Can Your Scanner Do This?
It happens quite often, that potential clients approach us with questions as to whether or not our scanners will be able to achieve particular scanning task. This is especially true of customers involved with Optical Coherence Tomography (OCT), which involves continuous scanning at high speeds.
Conventional galvanometer scanners are not well suited to imaging applications, and customers complain that they are prone to overheating. Another common complaint is that customers see “squiggles” in the projected laser beams.
The unique and patented “stronger, cooler, faster” design embodied by ScannerMAX scanners allows our galvanometers to scan at high speeds while avoiding the “wiggles”, and while also remaining cool. But that’s not all… our DSP-based servo driver also provides a degree of flexibility that other drivers do not, while consuming less power and generating less heat.
Because of this, whenever customers ask us “can your scanners do this?”, we perform in-house testing based on their inquiry, and we develop brief reports that detail our findings. (Of course we do not publish the reports if the inquiry or application are confidential.)
Below you will find links to PDF files generated for potential clients who send in non-confidential inquiries. Be sure to check this page from time to time as we will be continually adding reports as customers continue to send in inquiries.
This paper presents information about the sine-wave scanning performance that is achievable with the Mach-DSP and Saturn 1 and Saturn 2 scanners. It also includes information about power consumption, heat generation and bearing lifetime.
This report shows that scanning a 3mm beam with triangle-wave and sawtooth-wave can be performed with high efficiency, both from an optical standpoint as well as a heat-generation standpoint. Even in the most demanding test performed (850Hz sawtooth with 19 degrees optical), the scanner temperature rise was only 12 degrees C above ambient. The tests were performed used our Saturn 1B-80P, which has the highest dynamic performance of any scanner tested so far. Here we demonstrate -3dB bandwidth > 8kHz and step times well under 100 microseconds.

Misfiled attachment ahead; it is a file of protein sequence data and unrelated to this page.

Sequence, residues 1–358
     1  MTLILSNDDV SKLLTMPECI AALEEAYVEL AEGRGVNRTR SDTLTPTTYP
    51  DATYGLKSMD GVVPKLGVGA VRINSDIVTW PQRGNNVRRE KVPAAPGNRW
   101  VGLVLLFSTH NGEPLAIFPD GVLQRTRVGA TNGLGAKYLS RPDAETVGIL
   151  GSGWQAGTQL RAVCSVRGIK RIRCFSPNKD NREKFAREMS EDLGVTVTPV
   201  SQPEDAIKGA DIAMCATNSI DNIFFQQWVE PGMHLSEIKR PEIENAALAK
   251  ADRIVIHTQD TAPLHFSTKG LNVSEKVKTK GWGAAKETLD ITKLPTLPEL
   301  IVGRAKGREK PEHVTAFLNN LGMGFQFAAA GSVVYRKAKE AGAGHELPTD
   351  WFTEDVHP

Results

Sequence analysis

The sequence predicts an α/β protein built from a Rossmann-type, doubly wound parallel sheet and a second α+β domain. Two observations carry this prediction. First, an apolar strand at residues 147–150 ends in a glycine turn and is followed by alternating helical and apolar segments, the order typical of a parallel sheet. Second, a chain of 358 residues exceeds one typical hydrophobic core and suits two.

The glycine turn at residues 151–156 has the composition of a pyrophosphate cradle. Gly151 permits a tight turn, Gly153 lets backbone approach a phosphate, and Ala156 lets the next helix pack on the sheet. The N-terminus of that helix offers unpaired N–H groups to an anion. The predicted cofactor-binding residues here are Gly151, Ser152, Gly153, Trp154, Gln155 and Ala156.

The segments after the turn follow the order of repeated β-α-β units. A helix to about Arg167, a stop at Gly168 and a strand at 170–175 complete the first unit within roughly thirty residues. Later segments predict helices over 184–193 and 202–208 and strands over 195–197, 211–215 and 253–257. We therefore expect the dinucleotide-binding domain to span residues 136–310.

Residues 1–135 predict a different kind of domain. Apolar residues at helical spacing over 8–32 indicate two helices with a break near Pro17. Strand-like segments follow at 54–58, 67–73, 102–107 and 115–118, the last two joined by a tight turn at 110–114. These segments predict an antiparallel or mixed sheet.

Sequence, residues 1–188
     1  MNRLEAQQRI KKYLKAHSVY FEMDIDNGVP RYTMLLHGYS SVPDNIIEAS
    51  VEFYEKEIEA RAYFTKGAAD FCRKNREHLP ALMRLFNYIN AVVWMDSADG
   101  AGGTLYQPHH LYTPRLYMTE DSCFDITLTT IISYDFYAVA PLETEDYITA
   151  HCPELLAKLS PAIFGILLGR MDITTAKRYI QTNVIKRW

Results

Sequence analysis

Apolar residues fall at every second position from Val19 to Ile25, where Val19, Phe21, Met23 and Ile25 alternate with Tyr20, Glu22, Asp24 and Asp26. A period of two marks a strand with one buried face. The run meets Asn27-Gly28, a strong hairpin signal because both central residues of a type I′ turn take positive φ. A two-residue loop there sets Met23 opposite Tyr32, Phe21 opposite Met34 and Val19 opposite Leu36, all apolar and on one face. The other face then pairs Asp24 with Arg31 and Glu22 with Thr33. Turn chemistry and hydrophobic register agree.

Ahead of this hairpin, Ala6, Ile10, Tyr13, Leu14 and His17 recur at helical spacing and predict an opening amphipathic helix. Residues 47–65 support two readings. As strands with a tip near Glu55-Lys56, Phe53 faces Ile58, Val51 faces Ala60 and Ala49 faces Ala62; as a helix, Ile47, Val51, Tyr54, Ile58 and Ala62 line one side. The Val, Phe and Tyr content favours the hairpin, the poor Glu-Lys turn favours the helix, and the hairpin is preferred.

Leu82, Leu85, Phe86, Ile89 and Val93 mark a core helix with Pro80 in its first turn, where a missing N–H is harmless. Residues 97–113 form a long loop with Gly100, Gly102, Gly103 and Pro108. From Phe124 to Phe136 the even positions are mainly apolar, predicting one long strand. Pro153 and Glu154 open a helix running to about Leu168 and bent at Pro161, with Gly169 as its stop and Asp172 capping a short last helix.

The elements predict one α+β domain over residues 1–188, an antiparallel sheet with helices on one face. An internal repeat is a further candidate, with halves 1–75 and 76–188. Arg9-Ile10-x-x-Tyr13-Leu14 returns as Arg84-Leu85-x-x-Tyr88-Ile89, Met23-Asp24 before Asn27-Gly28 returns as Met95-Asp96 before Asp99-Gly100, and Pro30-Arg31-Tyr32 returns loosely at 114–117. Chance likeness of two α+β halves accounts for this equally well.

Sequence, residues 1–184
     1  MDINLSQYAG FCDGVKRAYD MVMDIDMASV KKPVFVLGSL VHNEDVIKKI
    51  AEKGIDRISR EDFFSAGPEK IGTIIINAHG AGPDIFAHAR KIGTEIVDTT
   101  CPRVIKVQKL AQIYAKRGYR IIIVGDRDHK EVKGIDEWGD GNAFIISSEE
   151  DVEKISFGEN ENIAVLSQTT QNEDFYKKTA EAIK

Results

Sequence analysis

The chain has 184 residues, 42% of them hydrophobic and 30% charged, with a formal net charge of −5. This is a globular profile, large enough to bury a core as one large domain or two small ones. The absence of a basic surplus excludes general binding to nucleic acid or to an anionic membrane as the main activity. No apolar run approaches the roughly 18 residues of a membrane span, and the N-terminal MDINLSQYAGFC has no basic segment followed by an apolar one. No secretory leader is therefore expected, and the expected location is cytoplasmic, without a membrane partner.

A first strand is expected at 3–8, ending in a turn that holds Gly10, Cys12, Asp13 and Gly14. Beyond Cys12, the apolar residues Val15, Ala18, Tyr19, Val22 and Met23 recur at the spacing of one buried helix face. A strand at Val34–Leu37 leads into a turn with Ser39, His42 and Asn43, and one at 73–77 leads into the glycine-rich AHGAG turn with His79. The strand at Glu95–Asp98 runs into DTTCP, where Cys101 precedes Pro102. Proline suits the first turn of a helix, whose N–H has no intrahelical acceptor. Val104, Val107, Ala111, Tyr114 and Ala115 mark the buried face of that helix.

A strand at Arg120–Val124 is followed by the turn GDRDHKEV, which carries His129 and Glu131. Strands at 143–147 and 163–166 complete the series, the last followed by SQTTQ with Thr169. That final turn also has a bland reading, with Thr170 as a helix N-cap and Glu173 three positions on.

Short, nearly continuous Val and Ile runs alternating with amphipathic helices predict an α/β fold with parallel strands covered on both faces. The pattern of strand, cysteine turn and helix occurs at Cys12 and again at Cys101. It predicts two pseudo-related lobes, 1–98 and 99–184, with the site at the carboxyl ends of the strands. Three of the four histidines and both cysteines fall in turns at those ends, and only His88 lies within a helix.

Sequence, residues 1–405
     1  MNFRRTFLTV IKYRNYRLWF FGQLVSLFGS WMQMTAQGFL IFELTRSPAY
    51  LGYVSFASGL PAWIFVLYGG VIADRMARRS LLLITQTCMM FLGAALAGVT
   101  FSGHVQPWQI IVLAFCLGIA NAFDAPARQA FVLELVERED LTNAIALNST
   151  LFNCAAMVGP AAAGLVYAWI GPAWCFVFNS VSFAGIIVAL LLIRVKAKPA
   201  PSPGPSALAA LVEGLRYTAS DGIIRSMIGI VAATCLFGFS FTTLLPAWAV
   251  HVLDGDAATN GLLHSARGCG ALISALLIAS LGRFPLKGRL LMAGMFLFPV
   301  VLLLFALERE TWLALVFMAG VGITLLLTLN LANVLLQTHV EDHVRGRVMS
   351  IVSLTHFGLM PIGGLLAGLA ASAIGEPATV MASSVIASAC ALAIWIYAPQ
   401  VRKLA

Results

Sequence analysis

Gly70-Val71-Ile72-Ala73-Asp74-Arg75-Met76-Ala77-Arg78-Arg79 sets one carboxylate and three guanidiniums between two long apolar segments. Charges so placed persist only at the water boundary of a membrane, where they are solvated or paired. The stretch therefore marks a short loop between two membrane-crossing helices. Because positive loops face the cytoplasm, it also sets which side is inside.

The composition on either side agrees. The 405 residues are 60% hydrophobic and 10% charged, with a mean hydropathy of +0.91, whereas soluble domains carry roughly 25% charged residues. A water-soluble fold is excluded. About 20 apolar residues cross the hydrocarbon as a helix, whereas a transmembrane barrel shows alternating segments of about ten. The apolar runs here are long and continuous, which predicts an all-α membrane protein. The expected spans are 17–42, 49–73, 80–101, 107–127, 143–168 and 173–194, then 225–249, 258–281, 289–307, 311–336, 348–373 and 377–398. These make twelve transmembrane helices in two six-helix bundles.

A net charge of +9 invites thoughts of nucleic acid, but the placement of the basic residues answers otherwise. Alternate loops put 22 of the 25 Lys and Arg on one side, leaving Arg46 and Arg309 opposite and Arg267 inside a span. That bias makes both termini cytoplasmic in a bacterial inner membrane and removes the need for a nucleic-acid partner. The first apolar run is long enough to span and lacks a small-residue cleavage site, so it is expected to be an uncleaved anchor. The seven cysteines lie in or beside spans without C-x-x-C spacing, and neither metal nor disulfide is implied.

This report shows that scanning 3mm beams and 5mm beams at 600Hz and 40 degrees is accomplished easily. It also shows that 3mm beams can be scanned up to 1200Hz at 40 degrees, and 5mm beams can be scanned up to 900Hz at 40 degrees without much difficulty.
This report shows our Saturn 1B with standard 5kHz tuning, executing 30-degree sawtooth waveforms from 500Hz to 1kHz, using cycloid-style flyback technique.
This report describes the sinewave scanning performance of the ScannerMAX Saturn 1B and Saturn 2B scanners, with the standard ScannerMAX 3mm mirror set.
This report shows that it is possible to project a pattern 1000 time per second, using a 3mm beam over a projection angle of 8 degrees optical in both X and Y. Power supply requirements and heat generation are modest.
This report shows the step times for our standard Saturn 5B configuration, with 30K and 60K tunings.
This report discusses various aspects of performing sine-wave and triangle-wave scanning with a 5mm beam at scan angles up to 40 degrees and frequencies up to 1kHz, specifically for imaging applications.
This report shows how 6mm-7mm beams can be scanned at various angles and frequencies while providing respectable fly-back times and also while remaining cool.
This report shows how 8mm beams can be scanned with a sawtooth waveform at several scan angles and high frequency with minimal heating of the scanner and servo driver.
This report shows how 8mm beams can be scanned with triangle- and sawtooth-waveforms at 20-degrees optical peak-to-peak. Electrical power required and heat generated are all easily managed.
This report shows how 8mm-9mm beams can be scanned at various angles and frequencies, providing similar performance to our system with smaller apertures.
This report shows that 10mm beams can be scanned with step times ranging from 300 microseconds to 1 millisecond.
This report shows our Compact 506 driving a 10mm Y-axis mirror and executing a variety of small moves using PD and also PDF servo control laws.
This report shows how 16mm beams can be scanned at up to 40 degrees using sawtooth and triangle waves up to 120Hz. It also demonstrates the benefit of cycloid-style waveforms.
This report shows our ARC12532 scanner driving our 30mm mirror set, and our Compact 506 driving our 20mm mirror set, scanning sine-waves and triangle-waves at various angles and frequencies.
The information on this web page gives you some idea of what can be accomplished using ScannerMAX scanners and servo drivers. If you feel so inclined, you may check with our competitors, to see whether or not their scanners can do this as well. When doing so, be sure to ask about the power consumption and the heat generated by both the servo driver and also the scanners. We think you’ll find that nobody beats ScannerMAX when it comes to RMS performance, power consumption and remaining cool.